The case will join a growing number of Roundup cancer lawsuits filed by individuals in courts throughout the U.S., each raising similar allegations that Monsanto failed to conduct adequate post-marketing surveillance of its Roundup products and failed to employ safer alternative designs and formulations.
While the Huertas originally filed their case in California state court, including Superior Sod Farm as a local defendant in the case, Monsanto filed a notice of removal (PDF) on January 26, sending the case to the U.S. District Court for the Central District of California.
The manufacturer alleges that Superior Sod was fraudulently joined in the case, indicating that the plaintiffs made no factual allegation in their complaint that Superior Sod had actual knowledge of or should have had knowledge of the alleged cancer risk with Roundup.
“This is a product liability action against Monsanto. All of plaintiffs’ factual allegations concern alleged labeling and warning defects surrounding use of Roundup,” state the manufacturer in the Notice of Removal. “Nowhere in plaintiffs’ 20-page complaint do they make any specific factual allegations of liability for allegedly dangerous properties of Roundup against Superior Sod defendants. Plaintiffs thus have failed to adequately state a products liability claim or strict liability claim against Superior Sod. Further, as a matter of law, Superior Sod may not be held liable in strict liability for applying a pesticide/herbicide.”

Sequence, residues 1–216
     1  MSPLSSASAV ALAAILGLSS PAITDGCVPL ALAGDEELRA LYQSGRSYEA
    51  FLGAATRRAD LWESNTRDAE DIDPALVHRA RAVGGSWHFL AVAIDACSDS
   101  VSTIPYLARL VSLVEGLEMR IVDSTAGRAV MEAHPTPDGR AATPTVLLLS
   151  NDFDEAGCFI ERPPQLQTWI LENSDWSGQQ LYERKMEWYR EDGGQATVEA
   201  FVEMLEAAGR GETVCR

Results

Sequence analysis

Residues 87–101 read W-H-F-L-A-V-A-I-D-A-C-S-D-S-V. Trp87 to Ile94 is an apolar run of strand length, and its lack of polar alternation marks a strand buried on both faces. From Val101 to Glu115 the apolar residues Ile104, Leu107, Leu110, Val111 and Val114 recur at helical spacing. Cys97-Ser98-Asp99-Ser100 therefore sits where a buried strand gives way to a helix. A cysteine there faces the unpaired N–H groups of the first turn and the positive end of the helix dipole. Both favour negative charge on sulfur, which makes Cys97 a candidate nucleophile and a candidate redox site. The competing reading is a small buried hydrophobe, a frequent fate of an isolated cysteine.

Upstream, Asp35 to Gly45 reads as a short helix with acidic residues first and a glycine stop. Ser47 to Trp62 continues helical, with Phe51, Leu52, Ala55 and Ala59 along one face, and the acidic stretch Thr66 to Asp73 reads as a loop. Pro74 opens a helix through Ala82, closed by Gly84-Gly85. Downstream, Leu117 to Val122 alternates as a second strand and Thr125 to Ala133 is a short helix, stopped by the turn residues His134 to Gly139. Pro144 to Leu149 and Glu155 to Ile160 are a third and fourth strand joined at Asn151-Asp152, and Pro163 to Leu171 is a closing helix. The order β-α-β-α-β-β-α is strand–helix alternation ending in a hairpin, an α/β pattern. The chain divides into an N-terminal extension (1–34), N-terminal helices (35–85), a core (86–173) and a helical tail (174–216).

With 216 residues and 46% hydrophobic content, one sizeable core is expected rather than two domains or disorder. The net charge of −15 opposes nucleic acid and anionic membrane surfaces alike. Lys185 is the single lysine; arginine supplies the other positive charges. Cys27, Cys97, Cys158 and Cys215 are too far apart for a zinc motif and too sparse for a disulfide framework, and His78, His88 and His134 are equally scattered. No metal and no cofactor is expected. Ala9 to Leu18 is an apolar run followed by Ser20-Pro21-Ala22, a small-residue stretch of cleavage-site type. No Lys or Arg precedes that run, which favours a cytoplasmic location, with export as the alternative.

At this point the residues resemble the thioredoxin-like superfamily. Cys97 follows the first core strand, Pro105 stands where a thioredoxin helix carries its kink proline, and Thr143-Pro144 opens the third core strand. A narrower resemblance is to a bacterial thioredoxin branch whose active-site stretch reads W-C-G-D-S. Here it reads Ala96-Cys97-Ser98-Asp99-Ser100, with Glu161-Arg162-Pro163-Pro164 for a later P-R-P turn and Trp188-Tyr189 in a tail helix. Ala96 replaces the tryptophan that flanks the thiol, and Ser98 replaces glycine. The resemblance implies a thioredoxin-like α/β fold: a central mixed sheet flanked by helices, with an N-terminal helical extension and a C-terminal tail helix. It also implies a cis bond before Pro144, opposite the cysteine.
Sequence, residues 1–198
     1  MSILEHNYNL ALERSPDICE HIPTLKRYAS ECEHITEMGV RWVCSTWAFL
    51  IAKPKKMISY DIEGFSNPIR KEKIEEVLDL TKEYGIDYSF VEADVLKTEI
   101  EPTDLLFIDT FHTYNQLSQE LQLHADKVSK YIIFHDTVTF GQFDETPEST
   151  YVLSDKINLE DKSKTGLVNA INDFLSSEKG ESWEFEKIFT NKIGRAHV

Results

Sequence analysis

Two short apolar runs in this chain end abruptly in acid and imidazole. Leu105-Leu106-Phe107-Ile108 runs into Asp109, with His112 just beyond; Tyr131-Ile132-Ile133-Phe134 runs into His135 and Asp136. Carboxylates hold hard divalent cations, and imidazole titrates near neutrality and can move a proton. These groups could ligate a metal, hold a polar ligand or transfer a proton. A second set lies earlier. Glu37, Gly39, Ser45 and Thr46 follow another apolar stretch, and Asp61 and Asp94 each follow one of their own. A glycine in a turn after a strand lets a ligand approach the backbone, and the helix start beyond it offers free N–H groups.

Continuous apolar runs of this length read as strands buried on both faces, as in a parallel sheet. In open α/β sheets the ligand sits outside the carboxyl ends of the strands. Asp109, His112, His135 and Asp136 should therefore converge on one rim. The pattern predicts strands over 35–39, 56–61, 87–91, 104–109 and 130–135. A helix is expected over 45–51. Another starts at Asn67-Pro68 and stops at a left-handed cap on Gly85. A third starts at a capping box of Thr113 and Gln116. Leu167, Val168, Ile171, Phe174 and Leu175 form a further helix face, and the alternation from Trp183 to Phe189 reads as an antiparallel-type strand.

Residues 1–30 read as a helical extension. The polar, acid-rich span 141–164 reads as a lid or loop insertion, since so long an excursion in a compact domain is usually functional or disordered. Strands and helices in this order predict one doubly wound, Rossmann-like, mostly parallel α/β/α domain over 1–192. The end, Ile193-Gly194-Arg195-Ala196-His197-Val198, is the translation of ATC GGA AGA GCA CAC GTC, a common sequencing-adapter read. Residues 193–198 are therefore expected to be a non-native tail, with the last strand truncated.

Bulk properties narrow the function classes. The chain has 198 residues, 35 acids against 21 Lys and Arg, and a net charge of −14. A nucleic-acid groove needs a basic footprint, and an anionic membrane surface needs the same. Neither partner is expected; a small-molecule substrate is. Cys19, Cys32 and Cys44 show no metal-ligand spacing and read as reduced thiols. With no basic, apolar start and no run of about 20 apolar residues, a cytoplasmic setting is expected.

Since concerns about the cancer risk with Roundup emerged last year, Monsanto has continued to defend their blockbuster weedkiller.
The manufacturer has attempted to challenge the findings that Roundup is a human carcinogen, maintaining that the IARC’s conclusions were agenda-driven and based on “junk science.” The company is also suing the state of California to prevent it from placing a warning label on all glyphosate-containing products which would indicate that it could cause cancer.
Consumer use of Roundup began to skyrocket in the mid 1990s, after Monsanto introduced genetically engineered crops to withstand treatment with Roundup, killing the weeds and not the crops. Genetically modified crops, like corn and soybean, are branded as being “Roundup Ready.” Some weeds have developed resistance to glyphosate, thus forcing farmers to use higher quantities of Roundup.
The U.S. Geological Survey estimated agricultural use of glyphosate increased drastically from 110 million pounds in 2002, now to more than 283 million pounds in 2012.
The U.S. Environmental Protection Agency (EPA) announced in April that it plans to address the safety concerns of glyphosate during the regular EPA safety review hearing occurring soon. Researchers warn pesticides are commonly detected in the air, food and water near areas that have been sprayed.
LindaFebruary 4, 2016 at 3:13 pm
I was exposed to roundup as they sprayed it at work all the time. This exposure finally made be go into anaphylactic shock. Luckily I work next to hospital. Since then I have had rashes and hives which they can not say what is causing this reaction. I have also had breast cancer. I can not prove any of this was caused by round up. Why are they still selling it? Also cider vinegar will kill weeds a[Show More]I was exposed to roundup as they sprayed it at work all the time. This exposure finally made be go into anaphylactic shock. Luckily I work next to hospital. Since then I have had rashes and hives which they can not say what is causing this reaction. I have also had breast cancer. I can not prove any of this was caused by round up. Why are they still selling it? Also cider vinegar will kill weeds and a lot cheaper.